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Phone: 250-992-8200 Fax: 250-992-6866 Email: Mail: 500 North Star Rd, Quesnel, V2J 5P6

Quesnel Cariboo Observer A5

Wednesday, April 3, 2013


Rushing to return the PST

TOM FLETCHER Black Press The brief era of the harmonized sales tax ended in B.C. Monday, with a last-minute scramble by thousands of businesses to register as collectors of the revived provincial sales tax. About 100,000 businesses in B.C. are required to register and collect PST from customers. By the Easter weekend, about 80,000 of them had done so, B.C.’s minister of state for small business, Naomi Yamamoto said. “I think what most consumers will be doing is looking at their receipts,” Yamamoto said Sunday. “In most cases they’ll be paying the same as they did prior to April 1, unless you’re getting your hair cut, or buying a ski ticket or you’re paying your golf membership or going to a restaurant, or buying a bike.” The good news for barbers, bike shops, restaurants and other labour service providers is that they see a seven per cent tax reduction. The bad news is that they have to administer two sales taxes, the PST and the five per cent GST, which continues to apply to goods and services. There are a few anomalies, such as insulation and weatherstripping,

where sales tax falls by seven per cent as historic PST exemptions resume Monday, but most retail purchases will remain subject to both GST and PST at a combined rate of 12 per cent. Yamamoto said businesses can register online by going to or and selecting the registration link. Using incorporation documents, the process should take about 15 minutes. Business owners who don’t register immediately can still correct transactions made after the deadline, because the first online remittance of PST is expected at the end of May. Premier Christy Clark marked the transition with a video, reminding business operators to register. Clark noted that the HST was a benefit to the film industry, manufacturers and other businesses that benefited from input tax credits. NDP finance critic Bruce Ralston said a statistically average family will be about $350 ahead with the removal of the HST, which was rejected in a mail-in referendum in June 2011. Ralston acknowledged that low-income people will lose the increased HST rebates that have been paid quarterly since the HST took effect in

Brent Ashley Stewart March 7, 1957 - March 6, 2013

It is with sadness that we announce the sudden passing of Brent Stewart on March 6, 2013. A small service was held at Clayton’s Funeral Home on March 15, 2013, a tea followed at the United Church. The family would like to thank everyone for their support, flowers, phone calls and messages. Clare and Fern Stewart, Farley (Debra), Heather (Colin), Susan (Brent) and nieces and nephews.

Cariboo Memorial Complex

April 19th, 20th & 21st

23 Years & Still A Buckin Good Time Opening Act Features West Coast Thunder Drill Team Williams Lake Stampede Royalty Miss Rodeo Canada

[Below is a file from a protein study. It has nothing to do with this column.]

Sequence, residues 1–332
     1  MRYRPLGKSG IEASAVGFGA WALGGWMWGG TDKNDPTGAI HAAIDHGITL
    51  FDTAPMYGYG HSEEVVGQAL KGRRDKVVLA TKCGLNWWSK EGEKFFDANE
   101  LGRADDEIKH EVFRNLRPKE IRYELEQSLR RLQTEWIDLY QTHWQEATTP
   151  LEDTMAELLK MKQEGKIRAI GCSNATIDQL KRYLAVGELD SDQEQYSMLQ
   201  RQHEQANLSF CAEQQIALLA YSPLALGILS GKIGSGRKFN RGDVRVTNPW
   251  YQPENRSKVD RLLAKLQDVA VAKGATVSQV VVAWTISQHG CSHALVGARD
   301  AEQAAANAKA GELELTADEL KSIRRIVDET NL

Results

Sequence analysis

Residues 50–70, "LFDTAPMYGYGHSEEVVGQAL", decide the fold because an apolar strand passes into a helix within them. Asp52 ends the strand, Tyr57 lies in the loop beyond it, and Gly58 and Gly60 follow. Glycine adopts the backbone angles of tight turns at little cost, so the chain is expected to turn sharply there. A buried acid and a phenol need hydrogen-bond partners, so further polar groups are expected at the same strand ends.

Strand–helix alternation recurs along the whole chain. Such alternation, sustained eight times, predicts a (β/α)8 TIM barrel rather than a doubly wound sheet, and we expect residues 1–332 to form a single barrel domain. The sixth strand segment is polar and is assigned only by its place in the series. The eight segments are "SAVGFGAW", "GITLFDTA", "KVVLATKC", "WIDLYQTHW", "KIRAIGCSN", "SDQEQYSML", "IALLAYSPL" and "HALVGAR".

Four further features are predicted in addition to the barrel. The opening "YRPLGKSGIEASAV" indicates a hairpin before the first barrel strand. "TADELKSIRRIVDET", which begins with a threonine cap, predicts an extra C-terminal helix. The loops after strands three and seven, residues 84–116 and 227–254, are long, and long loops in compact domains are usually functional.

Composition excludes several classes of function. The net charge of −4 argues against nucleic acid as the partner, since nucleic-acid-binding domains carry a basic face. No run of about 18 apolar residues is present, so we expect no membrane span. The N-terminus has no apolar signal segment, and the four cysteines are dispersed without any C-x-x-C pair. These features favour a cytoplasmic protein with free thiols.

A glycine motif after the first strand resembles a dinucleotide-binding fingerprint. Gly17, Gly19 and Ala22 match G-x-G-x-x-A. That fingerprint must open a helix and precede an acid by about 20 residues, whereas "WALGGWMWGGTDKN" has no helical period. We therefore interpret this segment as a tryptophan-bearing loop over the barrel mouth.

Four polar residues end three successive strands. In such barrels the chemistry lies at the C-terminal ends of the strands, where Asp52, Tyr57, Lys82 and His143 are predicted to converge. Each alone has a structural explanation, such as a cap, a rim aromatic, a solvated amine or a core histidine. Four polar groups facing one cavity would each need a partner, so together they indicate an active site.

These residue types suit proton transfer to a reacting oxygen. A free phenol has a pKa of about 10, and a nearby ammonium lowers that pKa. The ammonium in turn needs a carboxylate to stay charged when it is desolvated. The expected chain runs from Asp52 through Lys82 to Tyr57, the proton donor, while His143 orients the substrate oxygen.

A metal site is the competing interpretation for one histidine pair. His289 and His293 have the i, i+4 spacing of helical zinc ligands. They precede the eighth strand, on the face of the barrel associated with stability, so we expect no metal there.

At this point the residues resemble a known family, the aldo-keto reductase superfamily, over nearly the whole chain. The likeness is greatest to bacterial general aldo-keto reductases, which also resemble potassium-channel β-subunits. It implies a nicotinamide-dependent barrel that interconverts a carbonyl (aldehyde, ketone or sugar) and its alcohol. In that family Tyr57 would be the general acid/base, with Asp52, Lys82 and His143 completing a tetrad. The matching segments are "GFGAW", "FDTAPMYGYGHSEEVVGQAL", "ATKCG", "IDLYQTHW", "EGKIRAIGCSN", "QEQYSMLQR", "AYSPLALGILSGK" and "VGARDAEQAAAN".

Minister of State for Small Business Naomi Yamamoto. 2010. But he said that will be balanced by the reduced sales taxes they pay in restaurants and other service purchases. Tobacco taxes went up by seven per cent with the HST, and that tax will remain. Liquor taxes have also been adjusted to be unchanged with either tax, although restaurants will pay increased tax on liquor sales with the return to PST. A separate seven per cent tax on private used vehicle purchases also remains in place. It was imposed along with the HST to make private sellers subject to the same taxation as car dealers.

File photo

Rodeo Entertainer and Barrel Man: Dennis Halstead

Friday - 6:00 pm Rodeo

Connecting Our Community

Sunday - 1:00 pm Rodeo Lions Club Pancake Breakfast - Rink #2 Saturday, April 20th and Sunday, April 21st • 8:00 am to 11:00 am

Barn Dance

SAFE RIDE HOME PROGRAM Have a great time at the 12th Annual Quesnel QuesnelCommunity Community 11th Annual Foundation Awards Gala April24, 6, Foundation Awards Gala onon March and don’t worry about getting home safely!!


Cariboo Memorial Complex Rink #2 Saturday, April 20th - 9:00 pm Music by Rockin Chair Buy early, as tickets sell out fast! NO MINORS PLEASE Rodeo Stock p

Wild Horse Race sponsored by

Mount Polley

rovided by



Indoor & Outdoor Vendors The Rodeo office opens April 5th and will be located on the upper level of Boitanio Mall. For more information 250-398-3334. Providing Rodeo Tickets, Merchandise and Barn Dance Tickets!

Back in time for Spring....


Saturday - 1:00 pm Rodeo

Cowboy Hall of Fame Induction during Intermission

The Little Country Store With More


After Rodeo Entertainment (sponsored by Adventure Charters) Live Band Skid Marks - Rink #2 No Cover Charge. No Minors

Introduction of 2013 Williams Lake Stampede Contestants during Intermission Rodeo Slack - 9:00 am

Your ride home is covered – courtesy of AC&D Insurance Services (Quesnel).

Soft Ice Cream Screamers & Slushies

Young Guns Trick Riders



Bank of Nova Scotia • Cariboo Advisor Gibraltar Mine • Lake Excavating Ltd. • Gustafson’s Grassland Equipment Ltd. • WL Loghaulers Assoc. Williams Lake Tribune • CanWest Petroleum Cariboo Chevrolet • RL7 Mechanical Ltd. Finning • Cariboo Spurs Apparel & Tack • Tim Hortons Signal Point Gaming • The Rush & The Wolf Radio Station


Molson/Coors • Info Book 150 Mile Liquor Store & Market Place Sutton Cariboo Realty • HUB Int’l Barton Insurance Cariboo Spring Service • SMS Equipment Signal Point Gaming

Fraserview Pharmacy

Claudia Holland & Leslie Johnson




Return of a tax